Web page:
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In the dispute whate'er I said,

My heart was by my tongue belied ;
And in my looks you might have read

How much I argu'd on your side.
You, far from danger as from fear,

Might have sustain'd an open fight :
For seldom your opinions err ;

Your eyes are always in the right.
Why, fair one, would you not rely

On Reason's force with Beauty's join'd ?
Could I their prevalence deny,

I must at once be deaf and blind.
Alas! not hoping to subdue,

I only to the fight aspir'd :
To keep the beauteous foe in view

Was all the glory I desir'd.
But she, howe'er of vict'ry sure,

Contemps the wreath too long delay'd;
And arm'd with more immediate power,

Calls cruel silence to her aid.
Deeper to wound, she shuns the fight:

She drops her arms, to gain the field :
Secures her conquest by her flight,

And triumphs, when she seems to yield.
So when the Parthian turn'd his steed,

And from the hostile camp withdrew ;
With cruel skill the backward reed
He sent ; and as he fled, he slew.

Matthew Prior.
CCLXII.

LINES SUNG AT THE DINNER GIVEN TO

CHARLES KEMBLE WHEN HE RETIRED
FROM THE STAGE.

FAREWELL ! all good wishes go with him to-day,
Rich in name, rich in fame, he has play'd out the play.
Though the sock and the buskin for aye be removed
Still he serves in the train of the drama he loved.
We now who surround him, would make some amends
For past years of enjoyment-we court him as friends,
Our chief, nobly born, genius crown'd, our zeal shares,
O, his coronet's hid by the laurel he wears.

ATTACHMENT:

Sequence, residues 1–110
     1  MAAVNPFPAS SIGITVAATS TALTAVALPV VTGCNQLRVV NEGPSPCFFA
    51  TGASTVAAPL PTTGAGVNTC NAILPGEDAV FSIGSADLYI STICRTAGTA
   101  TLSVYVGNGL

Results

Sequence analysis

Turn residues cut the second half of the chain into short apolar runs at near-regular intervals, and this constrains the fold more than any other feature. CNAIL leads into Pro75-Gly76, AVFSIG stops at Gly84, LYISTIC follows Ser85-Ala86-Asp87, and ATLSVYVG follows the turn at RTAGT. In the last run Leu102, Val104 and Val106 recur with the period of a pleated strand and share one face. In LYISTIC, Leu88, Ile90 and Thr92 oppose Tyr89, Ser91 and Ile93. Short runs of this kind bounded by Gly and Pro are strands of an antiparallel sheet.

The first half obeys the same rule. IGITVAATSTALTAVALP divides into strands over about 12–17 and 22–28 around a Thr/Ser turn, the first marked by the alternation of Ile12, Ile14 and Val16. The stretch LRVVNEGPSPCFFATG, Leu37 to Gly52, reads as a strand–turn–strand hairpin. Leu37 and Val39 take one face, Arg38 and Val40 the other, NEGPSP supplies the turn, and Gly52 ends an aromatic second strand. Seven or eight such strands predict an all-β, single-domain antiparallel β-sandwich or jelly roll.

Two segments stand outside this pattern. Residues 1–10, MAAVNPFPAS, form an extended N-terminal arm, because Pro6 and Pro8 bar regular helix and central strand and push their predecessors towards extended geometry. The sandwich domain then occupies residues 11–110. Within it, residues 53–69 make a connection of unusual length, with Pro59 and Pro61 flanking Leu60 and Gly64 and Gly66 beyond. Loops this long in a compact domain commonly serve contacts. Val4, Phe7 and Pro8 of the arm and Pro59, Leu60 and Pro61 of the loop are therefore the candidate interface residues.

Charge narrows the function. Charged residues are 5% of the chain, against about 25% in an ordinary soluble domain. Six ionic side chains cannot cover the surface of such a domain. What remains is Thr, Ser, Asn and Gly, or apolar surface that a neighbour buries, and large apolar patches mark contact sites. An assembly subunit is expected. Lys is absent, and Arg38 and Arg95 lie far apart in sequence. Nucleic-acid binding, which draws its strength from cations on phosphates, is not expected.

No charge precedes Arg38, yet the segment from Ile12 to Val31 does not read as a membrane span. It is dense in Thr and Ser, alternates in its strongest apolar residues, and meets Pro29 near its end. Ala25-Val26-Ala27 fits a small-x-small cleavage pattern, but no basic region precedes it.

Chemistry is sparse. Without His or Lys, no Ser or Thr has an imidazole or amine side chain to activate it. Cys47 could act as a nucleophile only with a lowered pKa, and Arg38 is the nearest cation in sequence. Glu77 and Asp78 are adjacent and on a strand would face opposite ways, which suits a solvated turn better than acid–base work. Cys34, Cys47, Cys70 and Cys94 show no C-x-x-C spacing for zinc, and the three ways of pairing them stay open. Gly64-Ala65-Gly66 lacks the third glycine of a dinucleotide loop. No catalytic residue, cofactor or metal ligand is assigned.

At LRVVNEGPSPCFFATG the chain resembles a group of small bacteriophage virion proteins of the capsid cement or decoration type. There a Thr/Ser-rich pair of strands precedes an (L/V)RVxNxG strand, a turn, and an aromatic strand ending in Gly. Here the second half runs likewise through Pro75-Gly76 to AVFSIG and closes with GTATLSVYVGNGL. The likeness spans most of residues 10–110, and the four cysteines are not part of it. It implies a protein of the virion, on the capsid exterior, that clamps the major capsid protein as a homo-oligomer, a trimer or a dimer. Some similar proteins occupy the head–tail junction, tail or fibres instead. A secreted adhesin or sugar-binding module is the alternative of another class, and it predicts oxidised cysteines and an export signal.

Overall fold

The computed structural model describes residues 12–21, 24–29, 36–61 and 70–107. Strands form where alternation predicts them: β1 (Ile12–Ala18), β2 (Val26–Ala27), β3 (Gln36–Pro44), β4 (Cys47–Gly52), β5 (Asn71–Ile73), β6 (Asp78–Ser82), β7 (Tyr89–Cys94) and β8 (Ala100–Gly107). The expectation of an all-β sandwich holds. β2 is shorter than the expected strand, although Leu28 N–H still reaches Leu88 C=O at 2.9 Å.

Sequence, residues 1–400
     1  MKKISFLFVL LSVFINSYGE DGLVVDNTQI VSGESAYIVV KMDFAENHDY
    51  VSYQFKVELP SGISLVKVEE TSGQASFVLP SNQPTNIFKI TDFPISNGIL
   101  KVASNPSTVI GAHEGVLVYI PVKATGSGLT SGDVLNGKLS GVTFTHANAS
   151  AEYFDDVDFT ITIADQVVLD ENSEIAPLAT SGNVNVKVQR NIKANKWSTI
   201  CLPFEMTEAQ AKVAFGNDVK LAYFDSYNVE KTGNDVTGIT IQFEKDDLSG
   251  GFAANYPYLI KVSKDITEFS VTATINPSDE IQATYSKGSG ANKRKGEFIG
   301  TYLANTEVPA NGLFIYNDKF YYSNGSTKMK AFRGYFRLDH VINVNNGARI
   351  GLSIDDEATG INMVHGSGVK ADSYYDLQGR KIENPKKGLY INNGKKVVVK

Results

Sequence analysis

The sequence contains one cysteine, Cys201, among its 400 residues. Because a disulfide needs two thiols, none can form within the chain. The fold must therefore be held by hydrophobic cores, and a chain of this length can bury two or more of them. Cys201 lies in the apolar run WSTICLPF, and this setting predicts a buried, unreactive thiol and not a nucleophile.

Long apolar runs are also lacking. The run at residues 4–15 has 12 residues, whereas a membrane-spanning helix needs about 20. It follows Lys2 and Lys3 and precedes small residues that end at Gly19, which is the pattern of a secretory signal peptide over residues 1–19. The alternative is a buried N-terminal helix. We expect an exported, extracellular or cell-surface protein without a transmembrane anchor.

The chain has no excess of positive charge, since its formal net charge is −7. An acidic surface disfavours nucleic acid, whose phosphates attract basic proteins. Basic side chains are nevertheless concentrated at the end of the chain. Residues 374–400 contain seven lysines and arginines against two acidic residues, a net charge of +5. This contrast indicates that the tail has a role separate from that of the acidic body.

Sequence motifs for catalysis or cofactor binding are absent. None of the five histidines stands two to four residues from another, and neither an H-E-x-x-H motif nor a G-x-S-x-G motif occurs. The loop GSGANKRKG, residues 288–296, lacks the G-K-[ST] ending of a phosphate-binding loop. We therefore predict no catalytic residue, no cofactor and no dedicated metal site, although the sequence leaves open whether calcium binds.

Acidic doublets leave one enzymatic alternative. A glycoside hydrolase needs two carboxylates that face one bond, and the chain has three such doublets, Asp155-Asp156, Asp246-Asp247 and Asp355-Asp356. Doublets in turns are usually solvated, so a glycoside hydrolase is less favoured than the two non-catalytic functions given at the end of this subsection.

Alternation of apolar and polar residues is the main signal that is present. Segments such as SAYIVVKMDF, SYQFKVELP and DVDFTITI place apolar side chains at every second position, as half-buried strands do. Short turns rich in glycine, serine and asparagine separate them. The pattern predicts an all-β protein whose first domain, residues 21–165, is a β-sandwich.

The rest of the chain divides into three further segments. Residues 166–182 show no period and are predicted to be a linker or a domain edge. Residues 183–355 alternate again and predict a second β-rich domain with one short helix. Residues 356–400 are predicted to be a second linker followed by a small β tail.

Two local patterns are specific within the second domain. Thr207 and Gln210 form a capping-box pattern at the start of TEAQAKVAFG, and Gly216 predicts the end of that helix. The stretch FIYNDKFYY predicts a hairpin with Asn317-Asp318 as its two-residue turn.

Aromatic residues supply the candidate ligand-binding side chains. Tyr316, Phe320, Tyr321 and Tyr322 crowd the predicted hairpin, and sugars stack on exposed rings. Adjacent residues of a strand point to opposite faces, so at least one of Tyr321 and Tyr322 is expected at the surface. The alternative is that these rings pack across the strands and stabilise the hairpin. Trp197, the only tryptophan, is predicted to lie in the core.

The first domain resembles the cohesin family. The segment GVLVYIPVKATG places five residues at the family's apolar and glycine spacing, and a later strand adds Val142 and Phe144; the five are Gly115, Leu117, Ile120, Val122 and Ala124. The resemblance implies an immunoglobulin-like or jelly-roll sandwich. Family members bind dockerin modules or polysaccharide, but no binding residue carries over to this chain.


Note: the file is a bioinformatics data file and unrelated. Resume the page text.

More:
Shall we never again see his spirit infuse
Life, life in the gay gallant forms of the Muse,
Through the lovers and heroes of Shakespeare he ran,
All the soul of a soldier, the heart of the man-
Shall we never in Cyprus his spirit retrace,
See him stroll into Angiers with indolent grace,
Or greet him in bonnet at fair Dunsinane-
Or meet him in moonlight Verona again!
Let the curtain come down. Let the scene pass away-
There's an autumn when summer has squander'd her day:
We sit by the fire when we can't by the lamp,
And re-people the banquet, re-soldier the camp.
O, nothing can rob us of memory's gold :
And though he quit the gorgeous, and we may grow old,
With our Shakespeare in hand, and bright forms in our brain,
We can dream up our Siddons and Kembles again.

7. Hamilton Reynolds.

CCLXIII.

SPECTATOR AB EXTRA.

As I sat at the Café I said to myself,
They may talk as they please about what they call pelf,
They may sneer as they like about eating and drinking,
But help it I cannot, I cannot help thinking

How pleasant it is to have money, heigh-ho!